The transformation of an underdog college boy to a winner is a plot used many times earlier, but the closest one to Shabaash! You can do it! is Waqt Hamara Hai (1993) starring Akshay Kumar, Suneil Shetty, Ayesha Julka and Mamta Kulkarni.
The visuals in the beginning credits of the film are itself very confusing which indicates what is going to follow. Neil, a physically weak, asthmatic boy, joins a college mid-term and is ragged by Vikram and his girlfriend Gracy. Neil, encouraged by the yoga teacher Siddharth, challenges Vikram for the annual dance competition. The twist comes when Gracy, commits suicide and leaves a note stating that she has been raped by Siddharth. Neil believes in his guru and participates in the competition while simultaneously trying to find evidences of Siddharth’s innocence. What happens thereon makes the rest of the story.
The screenplay writers, Arsh Rana and Fateh Khan, seem to be so perplexed that they get lost in the plot. The scenes are disconnected and one wonders where the story is heading. The characterisation is pathetic so one observes a yoga teacher who shouts and screams during normal circumstances but remains calm and composed in the jail when he is being convicted for a heinous crime of raping his student. There is no continuity. For instance, Neil, who requires the nebuliser (he is asthmatic) in the initial scenes suddenly transforms into a healthy and strong guy without any explanation. There are several scenes thrown in between the film where some seven to eight yoga disciples perform yoga mudras without any logic or relevance to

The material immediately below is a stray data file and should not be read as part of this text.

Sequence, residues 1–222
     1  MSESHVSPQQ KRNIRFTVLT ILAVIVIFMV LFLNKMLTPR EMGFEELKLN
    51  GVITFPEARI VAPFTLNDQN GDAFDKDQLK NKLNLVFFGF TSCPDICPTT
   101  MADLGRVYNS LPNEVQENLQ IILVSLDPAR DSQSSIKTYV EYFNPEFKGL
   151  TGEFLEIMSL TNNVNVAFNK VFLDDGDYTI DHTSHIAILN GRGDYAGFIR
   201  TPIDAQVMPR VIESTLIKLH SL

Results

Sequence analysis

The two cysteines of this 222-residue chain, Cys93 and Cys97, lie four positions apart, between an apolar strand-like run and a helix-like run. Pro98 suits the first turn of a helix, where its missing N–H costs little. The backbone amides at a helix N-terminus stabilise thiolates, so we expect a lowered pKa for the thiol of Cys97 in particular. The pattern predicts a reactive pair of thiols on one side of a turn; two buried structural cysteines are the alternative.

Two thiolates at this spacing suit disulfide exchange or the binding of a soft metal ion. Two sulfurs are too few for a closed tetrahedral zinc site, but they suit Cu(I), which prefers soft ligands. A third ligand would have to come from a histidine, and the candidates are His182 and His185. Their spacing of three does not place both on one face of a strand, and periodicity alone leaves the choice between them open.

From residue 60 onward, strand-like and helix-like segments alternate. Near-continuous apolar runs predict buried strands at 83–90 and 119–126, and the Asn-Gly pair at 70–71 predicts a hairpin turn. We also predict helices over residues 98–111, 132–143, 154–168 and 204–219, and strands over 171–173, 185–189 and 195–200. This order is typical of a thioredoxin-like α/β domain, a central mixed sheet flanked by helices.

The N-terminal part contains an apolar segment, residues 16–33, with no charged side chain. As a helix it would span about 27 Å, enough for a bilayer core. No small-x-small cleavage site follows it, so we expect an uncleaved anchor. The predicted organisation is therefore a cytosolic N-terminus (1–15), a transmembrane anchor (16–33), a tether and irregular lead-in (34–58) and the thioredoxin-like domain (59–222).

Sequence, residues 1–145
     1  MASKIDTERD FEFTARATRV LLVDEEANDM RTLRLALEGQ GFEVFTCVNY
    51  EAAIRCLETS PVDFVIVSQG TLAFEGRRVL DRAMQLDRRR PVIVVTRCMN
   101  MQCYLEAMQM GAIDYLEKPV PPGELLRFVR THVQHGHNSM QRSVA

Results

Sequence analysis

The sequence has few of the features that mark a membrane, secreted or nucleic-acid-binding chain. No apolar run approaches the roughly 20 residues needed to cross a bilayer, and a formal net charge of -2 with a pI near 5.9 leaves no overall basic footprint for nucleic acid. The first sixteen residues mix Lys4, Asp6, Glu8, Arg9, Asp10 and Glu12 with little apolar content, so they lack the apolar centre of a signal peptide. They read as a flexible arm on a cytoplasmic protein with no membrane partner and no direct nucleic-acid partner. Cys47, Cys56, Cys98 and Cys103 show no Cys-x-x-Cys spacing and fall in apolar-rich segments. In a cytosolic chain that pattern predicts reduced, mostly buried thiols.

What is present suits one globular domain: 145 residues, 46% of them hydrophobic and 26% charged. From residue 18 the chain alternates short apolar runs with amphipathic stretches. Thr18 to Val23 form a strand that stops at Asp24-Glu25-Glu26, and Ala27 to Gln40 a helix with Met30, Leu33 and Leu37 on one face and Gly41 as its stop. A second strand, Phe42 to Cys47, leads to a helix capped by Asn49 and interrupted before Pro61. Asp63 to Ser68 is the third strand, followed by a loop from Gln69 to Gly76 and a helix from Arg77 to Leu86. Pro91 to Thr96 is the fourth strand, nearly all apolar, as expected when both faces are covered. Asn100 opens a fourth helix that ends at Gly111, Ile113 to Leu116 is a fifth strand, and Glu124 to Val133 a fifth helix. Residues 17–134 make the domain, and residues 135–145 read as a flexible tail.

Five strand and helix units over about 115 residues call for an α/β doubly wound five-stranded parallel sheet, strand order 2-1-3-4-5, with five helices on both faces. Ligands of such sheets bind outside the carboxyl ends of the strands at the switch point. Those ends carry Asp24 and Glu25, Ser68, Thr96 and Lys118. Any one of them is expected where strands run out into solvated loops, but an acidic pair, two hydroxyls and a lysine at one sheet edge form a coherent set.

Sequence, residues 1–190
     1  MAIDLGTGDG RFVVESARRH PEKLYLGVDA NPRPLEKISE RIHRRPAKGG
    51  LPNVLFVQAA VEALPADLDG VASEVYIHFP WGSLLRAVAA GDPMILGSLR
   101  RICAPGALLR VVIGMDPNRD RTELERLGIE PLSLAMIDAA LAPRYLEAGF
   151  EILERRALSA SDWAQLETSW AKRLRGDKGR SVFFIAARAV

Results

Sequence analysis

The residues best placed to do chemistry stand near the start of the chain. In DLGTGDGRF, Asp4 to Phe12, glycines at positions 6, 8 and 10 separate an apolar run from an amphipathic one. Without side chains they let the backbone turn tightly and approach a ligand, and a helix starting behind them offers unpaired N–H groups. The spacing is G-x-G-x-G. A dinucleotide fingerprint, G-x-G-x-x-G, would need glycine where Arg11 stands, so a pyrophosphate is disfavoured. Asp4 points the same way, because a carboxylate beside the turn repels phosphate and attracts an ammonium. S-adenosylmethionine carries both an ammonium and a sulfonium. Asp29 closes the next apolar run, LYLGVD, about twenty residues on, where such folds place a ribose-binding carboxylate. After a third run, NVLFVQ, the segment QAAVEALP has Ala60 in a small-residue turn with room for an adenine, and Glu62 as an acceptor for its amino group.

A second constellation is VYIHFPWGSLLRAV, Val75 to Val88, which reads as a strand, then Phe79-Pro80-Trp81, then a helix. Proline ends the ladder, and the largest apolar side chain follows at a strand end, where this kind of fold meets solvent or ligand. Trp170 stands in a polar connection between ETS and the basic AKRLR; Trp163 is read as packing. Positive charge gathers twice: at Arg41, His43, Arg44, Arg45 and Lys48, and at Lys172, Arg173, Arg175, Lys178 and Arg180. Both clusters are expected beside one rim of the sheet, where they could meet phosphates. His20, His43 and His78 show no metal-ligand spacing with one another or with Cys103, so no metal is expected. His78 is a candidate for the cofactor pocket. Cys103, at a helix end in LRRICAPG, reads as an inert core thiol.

The yoga teachings which are given by the guru time and again make no sense in any of the sequences. The film has many absurd situations like the one where Mahie, one of the heroines (who cannot complete her tune because of absence of romantic love in her life) is seen completing her tune instead of attending to her love (who is lying unconscious due to drowning). The inspector and constable duo, who are supposed to be a comic relief, irritates all the time.
There is lack of technical detailing and hence most of the scenes are out of focus. The lighting is very poor; the dialogues are ridiculous and make no sense. The songs (mostly in English) are awful and the picturisation is worse except the title track. The intense scenes are shot in a
juvenile way like the one where Vikram introduces Gracy to his father or the one where Neil and Vikram are talking about the dance competition. The editing is full of technical errors.
All actors are immature and there is no chemistry between any of the two lead pairs. The director though has taken a very safe subject but still has messed up badly.
For the film’s box office prospects, not saying anything will be kind enough.